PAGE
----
If Charles Dickens is the face of Victorian Literature and the celebrity ambassador for the social reform movement, Anthony Trollope has often been spoken of as the duller and less successful novelist, whose was more conservative and less of a muckraker. However, I was recently watching an adaptation of Trollope’s work (The Barchester Chronicles, BBC, 1982) and was struck by the similarities in the two author’s portrays–or criticisms–of the British judicial system.
In fact, the Barchester Chronicles is mostly a tale about corruption in the Anglican Church and the impact of the Church reform movement on a small town where the Bishop’s son is appointed as Archdeacon, and the Archdeacon’s father-in-law is appointed as warden of the local hospital. Trouble begins when a young doctor suspects that the warden is being paid more than the standard salary as established in a certain “last will & testament.” The young man hires a lawyer to investigate, and the Archdeacon decides that a lawyer is needed to defend all three church men (Bishop, Archdeacon, and Warden) from charges of nepotism. So Archdeacon Grandly hires the best lawyer in the land: Sir Abraham Haphazard. Haphazard’s name itself suggests that Trollope, like Dickens, saw very little logic in the law in Victorian England.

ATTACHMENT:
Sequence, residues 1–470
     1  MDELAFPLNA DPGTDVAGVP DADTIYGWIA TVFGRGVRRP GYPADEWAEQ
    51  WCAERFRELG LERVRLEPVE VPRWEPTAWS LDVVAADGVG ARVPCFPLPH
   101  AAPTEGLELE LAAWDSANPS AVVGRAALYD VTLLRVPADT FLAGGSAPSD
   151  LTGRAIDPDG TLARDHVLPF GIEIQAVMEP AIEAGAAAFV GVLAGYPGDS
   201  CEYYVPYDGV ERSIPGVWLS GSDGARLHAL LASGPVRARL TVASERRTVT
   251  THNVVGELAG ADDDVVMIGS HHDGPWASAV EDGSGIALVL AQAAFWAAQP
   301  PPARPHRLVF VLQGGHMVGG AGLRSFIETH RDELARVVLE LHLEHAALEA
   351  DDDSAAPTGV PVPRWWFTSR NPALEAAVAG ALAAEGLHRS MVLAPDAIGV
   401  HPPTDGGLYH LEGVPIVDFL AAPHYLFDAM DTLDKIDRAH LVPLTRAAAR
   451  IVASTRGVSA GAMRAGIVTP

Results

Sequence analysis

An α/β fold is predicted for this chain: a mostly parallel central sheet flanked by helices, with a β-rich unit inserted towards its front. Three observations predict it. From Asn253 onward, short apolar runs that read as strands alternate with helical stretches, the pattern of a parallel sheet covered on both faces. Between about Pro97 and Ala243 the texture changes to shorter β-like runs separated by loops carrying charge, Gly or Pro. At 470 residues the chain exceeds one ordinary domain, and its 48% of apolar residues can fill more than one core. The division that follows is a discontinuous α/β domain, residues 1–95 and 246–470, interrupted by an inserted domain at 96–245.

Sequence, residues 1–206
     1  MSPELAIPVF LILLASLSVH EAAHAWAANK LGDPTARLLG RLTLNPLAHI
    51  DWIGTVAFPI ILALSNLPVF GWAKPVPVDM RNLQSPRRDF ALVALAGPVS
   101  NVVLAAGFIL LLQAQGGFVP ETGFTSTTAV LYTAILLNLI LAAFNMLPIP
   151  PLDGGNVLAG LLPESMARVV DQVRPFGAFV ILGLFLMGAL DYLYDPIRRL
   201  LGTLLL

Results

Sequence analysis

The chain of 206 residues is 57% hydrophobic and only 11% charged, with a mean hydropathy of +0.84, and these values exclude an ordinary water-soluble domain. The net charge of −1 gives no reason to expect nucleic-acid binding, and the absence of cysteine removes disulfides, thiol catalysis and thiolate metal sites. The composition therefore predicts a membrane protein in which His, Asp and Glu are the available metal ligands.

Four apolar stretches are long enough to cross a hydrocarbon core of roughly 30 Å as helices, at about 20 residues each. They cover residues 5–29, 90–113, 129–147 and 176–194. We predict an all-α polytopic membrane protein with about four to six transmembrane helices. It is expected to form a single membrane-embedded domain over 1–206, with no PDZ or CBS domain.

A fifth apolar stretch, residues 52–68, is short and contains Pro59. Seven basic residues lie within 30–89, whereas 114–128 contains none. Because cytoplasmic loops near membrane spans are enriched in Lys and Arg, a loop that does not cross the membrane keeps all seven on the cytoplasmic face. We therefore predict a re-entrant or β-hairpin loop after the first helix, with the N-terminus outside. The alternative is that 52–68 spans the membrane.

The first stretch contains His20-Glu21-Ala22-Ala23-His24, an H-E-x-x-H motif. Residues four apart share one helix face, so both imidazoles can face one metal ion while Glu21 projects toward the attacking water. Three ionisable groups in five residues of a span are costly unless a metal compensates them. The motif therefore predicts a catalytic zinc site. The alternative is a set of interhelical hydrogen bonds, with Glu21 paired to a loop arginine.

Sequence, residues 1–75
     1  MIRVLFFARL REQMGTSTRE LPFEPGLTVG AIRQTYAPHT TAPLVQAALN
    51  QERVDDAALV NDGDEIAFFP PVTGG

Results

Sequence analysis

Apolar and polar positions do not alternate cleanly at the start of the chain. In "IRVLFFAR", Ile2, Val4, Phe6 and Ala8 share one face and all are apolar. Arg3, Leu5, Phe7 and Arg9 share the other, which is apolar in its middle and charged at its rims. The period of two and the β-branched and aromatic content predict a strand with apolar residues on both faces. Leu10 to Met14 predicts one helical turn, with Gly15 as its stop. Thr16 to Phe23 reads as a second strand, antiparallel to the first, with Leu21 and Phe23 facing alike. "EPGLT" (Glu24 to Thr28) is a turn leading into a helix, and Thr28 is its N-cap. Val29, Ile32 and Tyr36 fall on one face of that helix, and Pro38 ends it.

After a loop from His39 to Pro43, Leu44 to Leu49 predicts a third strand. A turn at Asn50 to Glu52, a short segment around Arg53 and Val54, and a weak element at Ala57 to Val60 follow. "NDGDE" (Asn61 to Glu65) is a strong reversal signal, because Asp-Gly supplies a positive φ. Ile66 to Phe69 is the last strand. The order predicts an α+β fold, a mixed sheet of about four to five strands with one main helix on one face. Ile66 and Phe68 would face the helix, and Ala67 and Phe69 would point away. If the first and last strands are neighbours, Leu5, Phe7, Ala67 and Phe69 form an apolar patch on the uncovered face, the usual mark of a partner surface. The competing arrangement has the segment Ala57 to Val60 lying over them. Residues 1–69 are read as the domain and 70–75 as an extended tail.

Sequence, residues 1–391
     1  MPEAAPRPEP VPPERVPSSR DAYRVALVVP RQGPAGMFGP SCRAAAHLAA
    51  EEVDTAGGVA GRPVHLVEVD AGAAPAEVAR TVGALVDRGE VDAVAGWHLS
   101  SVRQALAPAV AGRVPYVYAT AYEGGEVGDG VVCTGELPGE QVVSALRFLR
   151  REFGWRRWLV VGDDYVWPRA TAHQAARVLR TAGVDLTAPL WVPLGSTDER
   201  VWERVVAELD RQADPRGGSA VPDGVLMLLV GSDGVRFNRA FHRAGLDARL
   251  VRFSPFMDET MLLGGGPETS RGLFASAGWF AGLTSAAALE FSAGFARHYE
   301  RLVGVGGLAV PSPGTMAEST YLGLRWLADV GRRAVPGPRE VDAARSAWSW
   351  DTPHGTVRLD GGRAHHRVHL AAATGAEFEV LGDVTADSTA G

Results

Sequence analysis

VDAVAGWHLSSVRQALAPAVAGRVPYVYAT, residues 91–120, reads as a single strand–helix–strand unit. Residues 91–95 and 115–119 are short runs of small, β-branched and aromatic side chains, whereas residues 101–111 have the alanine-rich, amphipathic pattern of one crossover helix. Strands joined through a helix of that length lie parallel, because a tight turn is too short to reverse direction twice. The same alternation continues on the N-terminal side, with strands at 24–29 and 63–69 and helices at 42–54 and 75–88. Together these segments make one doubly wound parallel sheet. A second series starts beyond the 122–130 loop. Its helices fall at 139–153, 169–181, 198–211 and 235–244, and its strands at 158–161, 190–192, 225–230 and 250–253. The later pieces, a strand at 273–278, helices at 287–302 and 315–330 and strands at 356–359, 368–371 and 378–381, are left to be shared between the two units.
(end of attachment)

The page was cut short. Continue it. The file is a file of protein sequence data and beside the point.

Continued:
The follow clip from The Barchester Chronicles dramatizes many of Dickens’ own criticism of the court. In fact, I think it brings to life Dickens’ introduction to the British legal system: “This is the Court of Chancery…which gives to monied might the means abundantly of wearing out the right; which so exhausts finances, patience, courage, hope” (15)
*L to R: the Archdeacon, the Warden (his father-in-law), the Bishop (his father)